For those of you who have been reading my blog since August of last year, you will know that I continually compare a job search to a marketing campaign (see “Marketing (yourself) 101“). It’s been some time since I’ve written posts on this topic (and what is included in marketing campaign) so I thought I would be a good idea to run a series of posts on this topic.
So, why a marketing campaign? Most good marketing campaigns let their target market know about their goods and services so that they can increase brand awareness and market share. So how does this compare to a job search? I think that some of the basics are exactly the same. Your product is your skills and experience, you must let your target market know that you exist otherwise how would they know to hire you? But marketing is much more complicated that just letting your target market know of your product, it must be done in the right way with the right tools.
So too is your job search and, in this case, your marketing toolkit includes:
- Your resume
- Cover letters
- Thank you letters
- Target market
- Elevator speech
- Your experience
All of us have our skill sets, but not many of us are experienced in job search to be able to put together an effecitve marketing plan and the first step in fixing this and getting on the right track is to admit to yourself you need some help (and there is nothing wrong with that). So, on today’s links which focus on Resumes.
- HOW TO BUILD A BETTER RÉSUMÉ – 10 Rules Professional Résumé Writers (Almost) Always Follow – This article, provided by Careerdirectors.com, provides 10 tips for your resume writing. This is a short and concise list and is definitely worth the read. Some of these tips/questions (such as #1 – “Is your format attractive”) are hard to answer without seeing what others are doing (so I’ve provided a link below for examples), but this basic list is a great place to start in the evaluation of your resume.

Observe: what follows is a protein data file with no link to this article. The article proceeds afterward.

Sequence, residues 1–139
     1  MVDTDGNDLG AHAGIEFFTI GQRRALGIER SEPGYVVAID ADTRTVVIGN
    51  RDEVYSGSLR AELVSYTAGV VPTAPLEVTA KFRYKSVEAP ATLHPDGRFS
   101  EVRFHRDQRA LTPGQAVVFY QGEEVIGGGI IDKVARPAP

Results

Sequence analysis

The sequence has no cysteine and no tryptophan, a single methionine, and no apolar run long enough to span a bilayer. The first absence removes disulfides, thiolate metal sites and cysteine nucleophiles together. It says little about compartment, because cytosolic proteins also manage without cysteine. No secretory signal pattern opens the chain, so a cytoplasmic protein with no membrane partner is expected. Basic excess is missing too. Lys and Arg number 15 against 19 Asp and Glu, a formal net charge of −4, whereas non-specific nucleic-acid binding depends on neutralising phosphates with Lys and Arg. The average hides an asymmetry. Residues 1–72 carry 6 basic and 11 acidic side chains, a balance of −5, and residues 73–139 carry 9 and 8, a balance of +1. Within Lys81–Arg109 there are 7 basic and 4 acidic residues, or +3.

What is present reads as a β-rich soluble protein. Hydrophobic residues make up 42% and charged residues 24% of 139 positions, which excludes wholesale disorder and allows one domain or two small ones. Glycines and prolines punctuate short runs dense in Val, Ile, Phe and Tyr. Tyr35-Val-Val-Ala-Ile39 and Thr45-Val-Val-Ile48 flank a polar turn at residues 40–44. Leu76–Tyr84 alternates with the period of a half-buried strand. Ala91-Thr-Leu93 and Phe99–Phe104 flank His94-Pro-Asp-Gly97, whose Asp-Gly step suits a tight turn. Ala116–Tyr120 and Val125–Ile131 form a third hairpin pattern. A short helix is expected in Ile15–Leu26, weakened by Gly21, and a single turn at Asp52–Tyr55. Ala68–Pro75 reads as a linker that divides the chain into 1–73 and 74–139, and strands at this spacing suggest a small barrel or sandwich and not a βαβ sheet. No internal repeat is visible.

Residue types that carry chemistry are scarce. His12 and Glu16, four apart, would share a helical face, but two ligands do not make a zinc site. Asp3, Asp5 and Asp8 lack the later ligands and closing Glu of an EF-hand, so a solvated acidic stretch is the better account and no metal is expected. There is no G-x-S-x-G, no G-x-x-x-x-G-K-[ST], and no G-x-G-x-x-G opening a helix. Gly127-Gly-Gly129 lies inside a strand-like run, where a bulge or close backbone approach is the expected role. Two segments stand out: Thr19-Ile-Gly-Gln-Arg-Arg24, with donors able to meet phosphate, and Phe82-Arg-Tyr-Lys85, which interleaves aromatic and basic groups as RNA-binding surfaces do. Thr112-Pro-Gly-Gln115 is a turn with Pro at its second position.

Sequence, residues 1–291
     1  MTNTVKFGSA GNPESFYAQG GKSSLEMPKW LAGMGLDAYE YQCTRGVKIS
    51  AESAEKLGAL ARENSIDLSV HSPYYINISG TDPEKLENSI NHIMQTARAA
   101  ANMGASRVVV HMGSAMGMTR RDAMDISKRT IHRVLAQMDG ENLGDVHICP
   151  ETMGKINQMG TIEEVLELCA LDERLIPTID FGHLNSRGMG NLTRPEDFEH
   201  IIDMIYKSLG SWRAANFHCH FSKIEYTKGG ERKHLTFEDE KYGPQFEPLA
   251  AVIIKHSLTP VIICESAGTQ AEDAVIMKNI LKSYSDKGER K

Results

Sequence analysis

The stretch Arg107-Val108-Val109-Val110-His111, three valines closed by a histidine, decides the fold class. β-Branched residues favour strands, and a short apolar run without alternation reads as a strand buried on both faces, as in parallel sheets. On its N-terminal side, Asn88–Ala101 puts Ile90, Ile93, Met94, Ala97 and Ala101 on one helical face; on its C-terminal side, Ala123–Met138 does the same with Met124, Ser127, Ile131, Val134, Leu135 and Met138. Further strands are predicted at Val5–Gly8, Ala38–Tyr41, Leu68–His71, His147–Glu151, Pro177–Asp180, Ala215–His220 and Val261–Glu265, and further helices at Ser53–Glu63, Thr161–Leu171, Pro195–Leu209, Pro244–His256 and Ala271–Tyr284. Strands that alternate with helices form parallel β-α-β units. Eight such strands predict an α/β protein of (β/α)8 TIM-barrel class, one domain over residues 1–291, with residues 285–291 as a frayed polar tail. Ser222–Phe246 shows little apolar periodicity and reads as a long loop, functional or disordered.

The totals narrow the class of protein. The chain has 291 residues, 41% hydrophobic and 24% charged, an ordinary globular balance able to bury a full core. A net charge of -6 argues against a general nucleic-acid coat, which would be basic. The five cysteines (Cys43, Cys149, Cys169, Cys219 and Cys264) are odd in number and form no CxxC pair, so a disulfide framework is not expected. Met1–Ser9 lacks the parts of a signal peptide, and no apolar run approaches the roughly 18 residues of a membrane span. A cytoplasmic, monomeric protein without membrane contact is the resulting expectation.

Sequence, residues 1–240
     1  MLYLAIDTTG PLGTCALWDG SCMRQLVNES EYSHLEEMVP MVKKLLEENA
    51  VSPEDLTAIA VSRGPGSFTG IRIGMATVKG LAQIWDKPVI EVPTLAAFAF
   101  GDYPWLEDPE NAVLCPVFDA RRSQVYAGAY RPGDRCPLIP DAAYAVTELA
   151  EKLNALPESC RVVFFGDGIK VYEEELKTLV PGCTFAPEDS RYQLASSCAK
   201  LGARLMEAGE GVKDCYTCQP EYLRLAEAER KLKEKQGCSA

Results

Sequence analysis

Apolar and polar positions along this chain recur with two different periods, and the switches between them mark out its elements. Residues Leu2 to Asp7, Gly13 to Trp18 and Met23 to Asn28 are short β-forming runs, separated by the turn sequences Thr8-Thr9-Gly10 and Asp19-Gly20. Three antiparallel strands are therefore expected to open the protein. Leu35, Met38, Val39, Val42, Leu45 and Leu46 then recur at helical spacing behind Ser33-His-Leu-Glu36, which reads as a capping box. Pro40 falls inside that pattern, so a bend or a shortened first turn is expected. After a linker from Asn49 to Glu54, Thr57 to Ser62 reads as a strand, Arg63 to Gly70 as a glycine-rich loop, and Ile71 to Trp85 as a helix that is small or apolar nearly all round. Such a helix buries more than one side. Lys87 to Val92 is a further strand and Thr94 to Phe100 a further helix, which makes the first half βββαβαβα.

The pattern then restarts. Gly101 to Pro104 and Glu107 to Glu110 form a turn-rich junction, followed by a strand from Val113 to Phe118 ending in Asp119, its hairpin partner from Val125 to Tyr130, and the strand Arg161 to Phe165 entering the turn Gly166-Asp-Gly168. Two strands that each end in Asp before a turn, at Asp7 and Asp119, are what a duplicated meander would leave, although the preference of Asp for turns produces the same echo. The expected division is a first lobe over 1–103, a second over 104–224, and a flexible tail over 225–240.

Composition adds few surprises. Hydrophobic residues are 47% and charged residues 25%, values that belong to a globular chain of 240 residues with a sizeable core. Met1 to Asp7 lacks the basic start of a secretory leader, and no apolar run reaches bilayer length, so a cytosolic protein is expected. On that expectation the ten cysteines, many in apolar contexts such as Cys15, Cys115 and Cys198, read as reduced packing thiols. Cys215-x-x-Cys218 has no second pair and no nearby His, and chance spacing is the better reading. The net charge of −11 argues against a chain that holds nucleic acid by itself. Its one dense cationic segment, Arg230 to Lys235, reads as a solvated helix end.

- Resume Examples – I’ve reversed the links on this bullet (they follow below). The old cliche “A picture is worth a thousand words” is certainly true when it comes to resumes. It definitely helps to see a variety of resumes (different formats, content, key words, “look and feel”). The sub-bullets below provide a few links to sites that have resume examples:
- Resume Examples - from resume-resource.com
- Resume Examples - from Exampleresumes.org- An amazing number of resume examples by job function (going down the left hand side of the page) with Occupation based resumes in the middle of the page. This is followed by Situational Example Resumes. If you are look to change or create a resume, this is one site you must connect with.
- Resume Templates – This site is by Microsoft and provides 4 main categories (Entry Level, Professions, Career Moves and Academic. There are several examples within each of the main categories. Click on any one to see a snapshot. You also have the option of downloading
- Resume Action Verbs & Keywords - You know how it is, you don’t want to keep using the same action words but you run out ideas. This page, provided by Resume-Help.org, provides a very large list of action words. Additionally, there are a number of related links on the right hand side of this page.
- Freeresumehelp.net – There is nothing like free help and advice! This site provides a wealth of information on how to write a resume. The center section of the page has “how to write a resume” while the left hand side of the page has links to resume writing advice as well as links to specialty resumes (Executive, Student, Career Change, etc.).
- Best College Resumes – This resource, provided by CollegeGrad.com, is a great resource for recent grads or those college students seeking a job. The center of the page is filled with links to resume writing resources such as: The Greatest Resume Mistakes and Resumes are never complete.
Good luck in your search.